Flash forward in the next shot to a simple roadside diner that suggests purgatory, and the darkness at the edge of town that feels like the death of hope. "Someday a car will stop to pick me up that I never thumbed," Al muses, passive to the last, imagining the cops finally coming for him. The scene has a much-remarked-upon ambiguity, as we're not sure whether we're seeing a real event in the film's world, or if Al's just envisioning how it will all end. It plays as a relief. If you really want to go down a rabbit hole, one theory runs that he's an unreliable narrator from start to finish, making up excuses for his run of hard luck and conjuring a backstory that exaggerates his innocence as well as, maybe, the degree of Sue's romantic investment in him. Although Detour runs a slender 68 minutes, you can get lost in it. It's just hard to shake, and Al, surely among the saddest of Hollywood sad sacks, is a whole mood by himself.
THE BLU-RAY DISC
After Detour fell into the public domain, audiences grew accustomed to seeing it under less-than-ideal circumstances--usually sourced from dupey, high-contrast 16mm prints with missing frames and film damage aplenty. The idea of a proper restoration had been elusive but tantalizing, given the difficulty of finding high-quality 35mm elements. The breakthrough came with the discovery of a first-generation nitrate print held in a Belgian film archive; that print was scanned at 4K, and digital restoration techniques were used to replace and/or paint out the parts of each frame marred by subtitles. The audio, meanwhile, was remastered from the optical tracks on four different film prints (one 16mm and three 35mm). Criterion's release thus represents the best possible version of Detour, albeit presented at 1080p resolution rather than 4K. The results are, as you might expect, revelatory. Detour absolutely holds its own against other, more generously-budgeted films noirs from the era. Film grain is apparent but well-encoded (with an average video bitrate of 35.7 Mbps), and dynamic range is healthy from start to finish. Black levels are solid and deep, without apparent crushing (especially in nighttime shots), and highlights are extended in the daylight exteriors without coming anywhere near clipping. In other words, contrast is healthy though not artificially pumped.
Sound quality is every bit as impressive, with just the right degree of aural alchemy applied to the uncompressed LPCM audio. High frequencies may have been rolled off a touch to reduce harshness, sibilance, and/or distortion, but the results are exceptionally smooth and ear-pleasing through the rest of the spectrum. Moreover, the noise floor is kept strictly under control--hiss is never a distraction and crackle and other aberrations are basically inaudible. This would qualify as an exceptional version of any film from 1945; that it's an exceptional version of Detour, a movie synonymous with cinematic grunge, makes it that much more satisfying to have it available for viewing in a nearly pristine version.
Special features are led by 2004's standard-def doc Edgar G. Ulmer: The Man Off-Screen, one of those extras that has a longer running time (76 minutes) than the movie it accompanies. It's a helpful, if somewhat eccentric, overview of Ulmer's life and times, featuring interviews with his daughter Arianné Ulmer Cipes, biographer Noah Isenberg, and actors Ann Savage, John Saxon, Peter Marshall, James Lydon, and William Schallert. Also weighing in are Austrian Film Museum director Alexander Horwath, film historians Christian Cargnelli, Tom Weaver, and Gregory Mank, and filmmakers such as Roger Corman, Joe Dante, John Landis, and Wim Wenders. Wenders calls Vera "a revolutionary female character" and notes, dryly, "That's where half of Tarantino's casting ideas came from." Savage gets right to the point, calling Vera "a real b-i-t-c-h." The piece spends some time trying to unearth documentation to prove exactly how much time and money was actually spent on Detour, but Cipes is skeptical that studio records can be trusted, noting that studios would often transfer costs from other productions into a shoot that came in under budget. Peter Bogdanovich, meanwhile, defends his own myth-making, resumé-padding 1970 interview with Ulmer: "I interviewed the people, they said what they said," he shrugs. "If it doesn't always jibe [with reality], that's not my department." Print the legend.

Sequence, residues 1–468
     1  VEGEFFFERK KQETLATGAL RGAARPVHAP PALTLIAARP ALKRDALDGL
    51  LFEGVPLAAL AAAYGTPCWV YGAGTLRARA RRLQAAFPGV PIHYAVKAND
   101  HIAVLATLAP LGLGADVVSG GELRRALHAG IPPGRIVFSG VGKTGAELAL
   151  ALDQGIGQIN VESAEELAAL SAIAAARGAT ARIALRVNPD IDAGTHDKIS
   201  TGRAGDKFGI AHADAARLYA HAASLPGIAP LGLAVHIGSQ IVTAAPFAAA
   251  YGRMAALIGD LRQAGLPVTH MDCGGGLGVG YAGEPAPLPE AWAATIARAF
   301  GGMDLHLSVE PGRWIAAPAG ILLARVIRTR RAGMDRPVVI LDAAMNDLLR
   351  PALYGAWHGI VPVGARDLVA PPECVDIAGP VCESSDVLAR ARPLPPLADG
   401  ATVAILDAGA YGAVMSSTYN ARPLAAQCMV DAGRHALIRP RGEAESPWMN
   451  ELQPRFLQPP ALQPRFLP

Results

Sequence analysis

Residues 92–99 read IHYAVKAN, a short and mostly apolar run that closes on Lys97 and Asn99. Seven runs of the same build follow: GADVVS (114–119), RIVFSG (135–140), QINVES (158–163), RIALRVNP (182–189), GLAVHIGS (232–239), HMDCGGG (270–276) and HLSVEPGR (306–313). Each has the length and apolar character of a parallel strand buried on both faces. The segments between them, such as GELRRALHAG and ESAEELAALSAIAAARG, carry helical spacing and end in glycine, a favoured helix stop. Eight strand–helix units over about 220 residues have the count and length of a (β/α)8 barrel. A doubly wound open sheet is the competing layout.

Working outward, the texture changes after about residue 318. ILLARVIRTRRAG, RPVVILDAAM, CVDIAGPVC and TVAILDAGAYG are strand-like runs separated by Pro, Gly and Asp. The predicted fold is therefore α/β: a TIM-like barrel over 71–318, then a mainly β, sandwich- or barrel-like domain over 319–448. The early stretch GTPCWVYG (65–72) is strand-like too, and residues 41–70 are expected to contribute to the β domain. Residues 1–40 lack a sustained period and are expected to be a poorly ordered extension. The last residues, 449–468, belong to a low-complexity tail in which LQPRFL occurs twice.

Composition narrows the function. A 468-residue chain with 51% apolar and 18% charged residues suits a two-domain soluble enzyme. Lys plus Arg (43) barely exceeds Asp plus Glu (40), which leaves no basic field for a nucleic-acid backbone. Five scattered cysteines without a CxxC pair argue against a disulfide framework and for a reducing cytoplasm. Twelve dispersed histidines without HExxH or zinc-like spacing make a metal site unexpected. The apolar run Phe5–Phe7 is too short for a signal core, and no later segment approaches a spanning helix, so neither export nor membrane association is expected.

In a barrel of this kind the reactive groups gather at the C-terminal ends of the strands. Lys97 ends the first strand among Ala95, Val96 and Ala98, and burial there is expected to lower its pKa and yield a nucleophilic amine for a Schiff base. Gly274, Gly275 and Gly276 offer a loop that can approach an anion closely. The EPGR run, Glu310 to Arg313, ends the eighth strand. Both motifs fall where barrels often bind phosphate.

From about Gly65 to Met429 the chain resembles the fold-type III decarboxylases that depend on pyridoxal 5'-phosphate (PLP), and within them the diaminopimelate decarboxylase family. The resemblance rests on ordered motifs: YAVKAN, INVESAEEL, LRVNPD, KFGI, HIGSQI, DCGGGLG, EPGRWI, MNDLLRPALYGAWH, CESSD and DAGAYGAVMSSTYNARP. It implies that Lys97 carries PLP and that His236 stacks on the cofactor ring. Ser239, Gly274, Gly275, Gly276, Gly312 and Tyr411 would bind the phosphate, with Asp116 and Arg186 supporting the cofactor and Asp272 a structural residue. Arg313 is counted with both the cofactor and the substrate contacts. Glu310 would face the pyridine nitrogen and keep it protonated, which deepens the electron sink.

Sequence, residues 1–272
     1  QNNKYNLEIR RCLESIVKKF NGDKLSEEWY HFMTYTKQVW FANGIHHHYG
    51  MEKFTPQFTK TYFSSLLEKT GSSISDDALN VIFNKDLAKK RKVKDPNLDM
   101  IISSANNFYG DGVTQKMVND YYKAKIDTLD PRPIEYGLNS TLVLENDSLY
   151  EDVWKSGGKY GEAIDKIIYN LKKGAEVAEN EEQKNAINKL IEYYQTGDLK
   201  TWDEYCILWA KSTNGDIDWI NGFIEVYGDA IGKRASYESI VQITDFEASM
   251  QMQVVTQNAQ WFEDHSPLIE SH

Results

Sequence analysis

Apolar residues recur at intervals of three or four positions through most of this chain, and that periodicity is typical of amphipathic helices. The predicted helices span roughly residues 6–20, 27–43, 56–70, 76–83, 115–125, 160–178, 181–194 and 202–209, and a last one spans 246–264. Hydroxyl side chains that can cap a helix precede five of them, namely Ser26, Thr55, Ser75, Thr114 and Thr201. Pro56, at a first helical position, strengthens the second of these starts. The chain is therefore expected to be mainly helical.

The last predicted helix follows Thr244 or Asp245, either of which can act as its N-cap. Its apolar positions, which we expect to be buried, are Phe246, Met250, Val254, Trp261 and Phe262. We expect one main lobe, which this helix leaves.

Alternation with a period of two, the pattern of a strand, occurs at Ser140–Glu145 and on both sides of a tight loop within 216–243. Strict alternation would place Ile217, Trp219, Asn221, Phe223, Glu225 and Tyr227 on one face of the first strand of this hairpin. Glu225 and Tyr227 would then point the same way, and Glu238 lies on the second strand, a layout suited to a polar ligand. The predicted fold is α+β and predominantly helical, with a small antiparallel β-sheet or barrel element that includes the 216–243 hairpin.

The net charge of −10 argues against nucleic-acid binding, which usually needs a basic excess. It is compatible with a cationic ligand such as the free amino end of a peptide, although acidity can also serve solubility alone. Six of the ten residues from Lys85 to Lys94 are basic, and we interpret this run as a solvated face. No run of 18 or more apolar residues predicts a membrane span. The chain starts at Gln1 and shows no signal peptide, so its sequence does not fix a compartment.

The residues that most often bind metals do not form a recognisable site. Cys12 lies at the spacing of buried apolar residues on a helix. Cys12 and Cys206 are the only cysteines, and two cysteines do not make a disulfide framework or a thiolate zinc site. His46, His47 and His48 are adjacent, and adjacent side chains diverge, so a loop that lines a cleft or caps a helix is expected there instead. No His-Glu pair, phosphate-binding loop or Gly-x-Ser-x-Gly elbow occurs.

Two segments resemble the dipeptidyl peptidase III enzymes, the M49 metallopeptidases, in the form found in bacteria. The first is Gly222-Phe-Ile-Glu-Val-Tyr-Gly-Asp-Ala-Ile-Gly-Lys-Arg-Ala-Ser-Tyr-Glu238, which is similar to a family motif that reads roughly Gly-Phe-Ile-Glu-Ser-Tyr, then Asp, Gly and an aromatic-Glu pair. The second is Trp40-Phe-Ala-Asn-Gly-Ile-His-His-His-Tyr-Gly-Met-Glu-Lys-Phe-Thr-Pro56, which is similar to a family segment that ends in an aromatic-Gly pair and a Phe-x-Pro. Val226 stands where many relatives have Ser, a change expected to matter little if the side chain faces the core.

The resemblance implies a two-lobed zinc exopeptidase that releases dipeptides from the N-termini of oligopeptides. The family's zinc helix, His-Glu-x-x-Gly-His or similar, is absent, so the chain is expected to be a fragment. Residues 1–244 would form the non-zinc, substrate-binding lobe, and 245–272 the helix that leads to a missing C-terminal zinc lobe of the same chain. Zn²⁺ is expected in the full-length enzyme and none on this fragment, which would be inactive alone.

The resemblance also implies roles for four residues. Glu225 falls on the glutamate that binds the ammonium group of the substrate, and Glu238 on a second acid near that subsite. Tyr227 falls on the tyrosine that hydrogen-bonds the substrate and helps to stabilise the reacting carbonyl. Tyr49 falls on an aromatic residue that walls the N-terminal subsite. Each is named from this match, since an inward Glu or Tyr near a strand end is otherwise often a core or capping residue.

A 2018 Detour-focused interview with Noah Isenberg (21 mins.), author of the book Edgar G. Ulmer: A Filmmaker at the Margins, proffers a more academic overview of Ulmer's career, starting with his work as a set designer for Max Reinhardt in Germany and with William Wyler at Universal in Hollywood. Isenberg feels that Ulmer's tireless efforts on those low-budget ethnic films in the 1930s and early 1940s primed him to become an incredibly effective B-movie director at PRC. "He was at his best when he was on the margins," Isenberg says. The latter portion of the interview includes some scene-specific commentary on Detour; Isenberg would have been a great candidate for a full-length track, but audio commentaries seem to have become decidedly déclassé over the years, even at Criterion.
In a shorter segment (11 mins.), Academy Film Archive director Mike Pogorzelski and film preservationist Heather Linville discuss the work put into "Restoring Detour", which began when Arianné Ulmer Cipes started bringing in video and film elements from her father's body of work and asking about proper preservation opportunities. At first, the Detour project was simply too expensive an endeavour, given that the results promised to be mediocre at best. The original camera negative was lost, and none of the known surviving elements were of sufficient quality to justify the undertaking. Samples of the film in its smeary unrestored version are presented, followed by details of how higher-quality elements--not to mention funding from the George Lucas Family Foundation--eventually allowed the creation of this remastered version, first screened for the public on September 29, 2017. It's a brief but informative look at the process. A latter-day trailer for the restored version's theatrical release (1:32) is also on board. Finally, the 32-page booklet tucked into the disc case features the intriguing "Some Detours to Detour", in which essayist Robert Polito delves into the film's production records looking to draw conclusions from documents detailing the production's schedule and budget, enumerates the shooting script's departures from the original novel, and even reproduces passages from correspondence between PRC and the "Mean" Joe Breen Production Code office. It's dense with behind-the-scenes data--maybe too dense for a mere booklet essay, though it makes a welcome contribution to Detour scholarship.
68 minutes; Not Rated; 1.37:1 (1080p/MPEG-4); English 1.0 LPCM; English subtitles; Region A; Criterion